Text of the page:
If You Build It . . .

August 04, 1993

When Secretary of the Navy George Bancroft set up the precursor of the U.S. Naval Academy along the Severn River 148 years ago, his intent was to prepare naval officers. Accommodating T-shirt-buying tourists assuredly wasn't on his mind.

But when God gives you lemons, you make lemonade. When he gives you tourists? You set up a visitors' center.

The academy is about to begin work on a $4.5 million visitor facility, next to Halsey Field House. Officials realized that their existing center in Ricketts Hall -- while better than the glass counter with a few salable trinkets they used to have -- was still quite inadequate to serve an estimated 1.2 million visitors a year.

The new facility will include a campus store; a theater that will show a film about "The Yard" and its history, and also serve as a coordinating point for tour groups. Navy officials hope, too, to set up a space capsule to underscore the preponderance of astronauts who have been trained at the academy and an interactive video system so visitors can call up on a screen all the midshipmen from their hometowns, past or present. If Ross Perot or any other alumnus is uncomfortable about the expense, the Naval Academy has agreed to pay back the U.S. Treasury with the operating profits.

The center, due to open when the academy celebrates its 150th birthday in two years, isn't the only positive tourism development in Annapolis.

County and city officials are getting more serious about plans to build a conference center in the state capital. A study of seven sites being considered for the 5,000-seat facility is due Nov. 1.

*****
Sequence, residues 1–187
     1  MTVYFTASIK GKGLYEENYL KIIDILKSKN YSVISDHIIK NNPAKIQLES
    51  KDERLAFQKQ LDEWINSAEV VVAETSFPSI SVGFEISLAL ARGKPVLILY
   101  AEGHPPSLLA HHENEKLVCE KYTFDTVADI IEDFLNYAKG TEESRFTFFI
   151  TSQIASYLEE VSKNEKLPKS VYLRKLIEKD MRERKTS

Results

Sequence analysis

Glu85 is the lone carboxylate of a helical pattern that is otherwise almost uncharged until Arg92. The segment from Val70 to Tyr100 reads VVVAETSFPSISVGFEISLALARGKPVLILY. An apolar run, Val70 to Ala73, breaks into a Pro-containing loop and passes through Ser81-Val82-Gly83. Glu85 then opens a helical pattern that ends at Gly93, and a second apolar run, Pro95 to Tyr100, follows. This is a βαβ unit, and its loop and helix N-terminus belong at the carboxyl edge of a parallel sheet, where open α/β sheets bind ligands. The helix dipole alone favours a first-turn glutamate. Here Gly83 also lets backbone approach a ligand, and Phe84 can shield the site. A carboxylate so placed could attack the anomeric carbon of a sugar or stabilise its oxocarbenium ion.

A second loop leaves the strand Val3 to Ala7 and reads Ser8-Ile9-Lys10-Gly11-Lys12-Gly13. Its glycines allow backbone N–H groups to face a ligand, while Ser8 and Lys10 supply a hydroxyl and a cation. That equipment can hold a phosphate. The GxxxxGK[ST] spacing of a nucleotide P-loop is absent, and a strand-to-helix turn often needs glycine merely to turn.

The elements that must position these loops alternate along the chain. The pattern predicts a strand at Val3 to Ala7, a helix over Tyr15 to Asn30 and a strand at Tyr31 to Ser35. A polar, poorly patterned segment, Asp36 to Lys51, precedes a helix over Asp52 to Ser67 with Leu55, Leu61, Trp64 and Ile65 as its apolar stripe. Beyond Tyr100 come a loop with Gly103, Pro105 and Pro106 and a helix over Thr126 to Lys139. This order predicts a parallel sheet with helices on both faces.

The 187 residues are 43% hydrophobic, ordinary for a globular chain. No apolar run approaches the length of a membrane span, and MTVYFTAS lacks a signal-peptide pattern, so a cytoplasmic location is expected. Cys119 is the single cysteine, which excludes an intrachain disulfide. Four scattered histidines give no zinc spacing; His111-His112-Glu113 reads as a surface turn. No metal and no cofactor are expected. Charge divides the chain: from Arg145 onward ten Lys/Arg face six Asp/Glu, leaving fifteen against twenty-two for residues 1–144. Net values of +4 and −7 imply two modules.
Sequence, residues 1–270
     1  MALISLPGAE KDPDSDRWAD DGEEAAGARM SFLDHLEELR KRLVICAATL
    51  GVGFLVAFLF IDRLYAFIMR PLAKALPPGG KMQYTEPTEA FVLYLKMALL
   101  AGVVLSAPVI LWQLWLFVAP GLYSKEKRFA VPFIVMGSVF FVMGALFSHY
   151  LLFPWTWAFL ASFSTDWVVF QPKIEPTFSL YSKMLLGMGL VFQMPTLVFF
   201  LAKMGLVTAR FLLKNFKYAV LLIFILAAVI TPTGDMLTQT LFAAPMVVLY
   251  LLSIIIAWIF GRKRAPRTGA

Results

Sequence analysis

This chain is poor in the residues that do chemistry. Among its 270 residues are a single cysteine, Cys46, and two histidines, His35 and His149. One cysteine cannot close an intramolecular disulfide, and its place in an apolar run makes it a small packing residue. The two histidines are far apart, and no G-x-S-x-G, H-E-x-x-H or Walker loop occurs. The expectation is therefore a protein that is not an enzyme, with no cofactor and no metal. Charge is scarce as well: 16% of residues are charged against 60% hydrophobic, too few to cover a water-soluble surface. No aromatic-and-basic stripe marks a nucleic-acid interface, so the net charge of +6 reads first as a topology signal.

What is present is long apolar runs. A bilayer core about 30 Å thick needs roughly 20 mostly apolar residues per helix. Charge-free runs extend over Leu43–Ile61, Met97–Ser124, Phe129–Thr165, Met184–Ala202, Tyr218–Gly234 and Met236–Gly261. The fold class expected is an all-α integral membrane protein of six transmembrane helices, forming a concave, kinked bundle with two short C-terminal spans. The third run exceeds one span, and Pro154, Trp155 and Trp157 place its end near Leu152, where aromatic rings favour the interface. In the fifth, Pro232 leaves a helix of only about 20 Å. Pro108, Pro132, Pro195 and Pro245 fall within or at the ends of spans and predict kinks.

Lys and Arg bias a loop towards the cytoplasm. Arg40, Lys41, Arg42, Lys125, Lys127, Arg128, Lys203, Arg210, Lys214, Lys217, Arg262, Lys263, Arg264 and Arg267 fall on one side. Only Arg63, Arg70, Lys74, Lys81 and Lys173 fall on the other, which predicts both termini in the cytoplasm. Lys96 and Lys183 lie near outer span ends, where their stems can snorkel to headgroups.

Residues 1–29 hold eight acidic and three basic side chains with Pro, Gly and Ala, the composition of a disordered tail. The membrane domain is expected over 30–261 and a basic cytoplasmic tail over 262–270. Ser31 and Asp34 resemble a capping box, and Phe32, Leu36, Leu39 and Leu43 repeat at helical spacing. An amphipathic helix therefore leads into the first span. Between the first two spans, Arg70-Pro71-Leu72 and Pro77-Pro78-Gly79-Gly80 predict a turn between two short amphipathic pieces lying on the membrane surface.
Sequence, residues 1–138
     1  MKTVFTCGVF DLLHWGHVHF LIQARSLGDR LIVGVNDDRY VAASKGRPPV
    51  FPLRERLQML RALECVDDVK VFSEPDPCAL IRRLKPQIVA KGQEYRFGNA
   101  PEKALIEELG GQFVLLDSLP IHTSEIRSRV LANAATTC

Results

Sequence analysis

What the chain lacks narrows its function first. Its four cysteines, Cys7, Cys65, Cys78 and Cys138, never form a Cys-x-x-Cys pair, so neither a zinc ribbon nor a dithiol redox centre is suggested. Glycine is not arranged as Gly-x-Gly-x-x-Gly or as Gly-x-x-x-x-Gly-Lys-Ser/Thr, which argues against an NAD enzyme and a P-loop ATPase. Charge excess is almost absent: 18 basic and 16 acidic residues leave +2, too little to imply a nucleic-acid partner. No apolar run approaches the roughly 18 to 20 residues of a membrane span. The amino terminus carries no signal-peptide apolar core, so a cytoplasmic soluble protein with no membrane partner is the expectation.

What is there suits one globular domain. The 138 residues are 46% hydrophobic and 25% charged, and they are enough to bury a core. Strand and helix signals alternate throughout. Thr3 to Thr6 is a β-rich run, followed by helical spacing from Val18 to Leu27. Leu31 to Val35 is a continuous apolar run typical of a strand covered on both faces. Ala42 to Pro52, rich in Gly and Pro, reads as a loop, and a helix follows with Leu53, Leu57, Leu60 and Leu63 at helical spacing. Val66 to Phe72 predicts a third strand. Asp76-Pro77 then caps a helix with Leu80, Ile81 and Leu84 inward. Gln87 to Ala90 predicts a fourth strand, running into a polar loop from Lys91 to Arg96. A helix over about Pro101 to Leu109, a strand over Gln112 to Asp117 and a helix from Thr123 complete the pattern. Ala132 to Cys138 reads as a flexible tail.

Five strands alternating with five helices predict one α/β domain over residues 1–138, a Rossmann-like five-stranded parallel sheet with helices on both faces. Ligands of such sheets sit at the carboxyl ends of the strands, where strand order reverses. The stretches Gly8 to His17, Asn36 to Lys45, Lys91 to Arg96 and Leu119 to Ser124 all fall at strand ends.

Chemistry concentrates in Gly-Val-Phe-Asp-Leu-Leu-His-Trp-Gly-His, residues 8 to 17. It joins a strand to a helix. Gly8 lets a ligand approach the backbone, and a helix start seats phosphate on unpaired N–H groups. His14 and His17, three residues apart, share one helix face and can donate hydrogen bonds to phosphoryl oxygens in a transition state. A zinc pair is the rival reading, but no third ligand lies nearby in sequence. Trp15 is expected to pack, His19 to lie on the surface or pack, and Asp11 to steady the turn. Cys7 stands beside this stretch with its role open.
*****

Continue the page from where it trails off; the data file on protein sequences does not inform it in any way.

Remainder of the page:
Meanwhile, the Annapolis and Anne Arundel County Conference and Visitors Bureau just opened its first walk-in center at 26 West Street. For years, the bureau has manned a kiosk near the City Dock, which will continue. But this new office will be more user-friendly. It will also attract visitors to the new Gotts Court garage and to shops off the beaten path on West Street. The center opened July 2 and, amazingly, recorded its 10,000th visitor three weeks later.

Annapolis will always be a major draw for the state's hospitality industry. The state tourism office says a quarter of all the people who come to Maryland visit Annapolis. The opening of these visitor centers isn't so much a case of "if you build it, they will come"; they are already coming. But these facilities are needed to better serve visitors and continue to build on a proven strength for Maryland.

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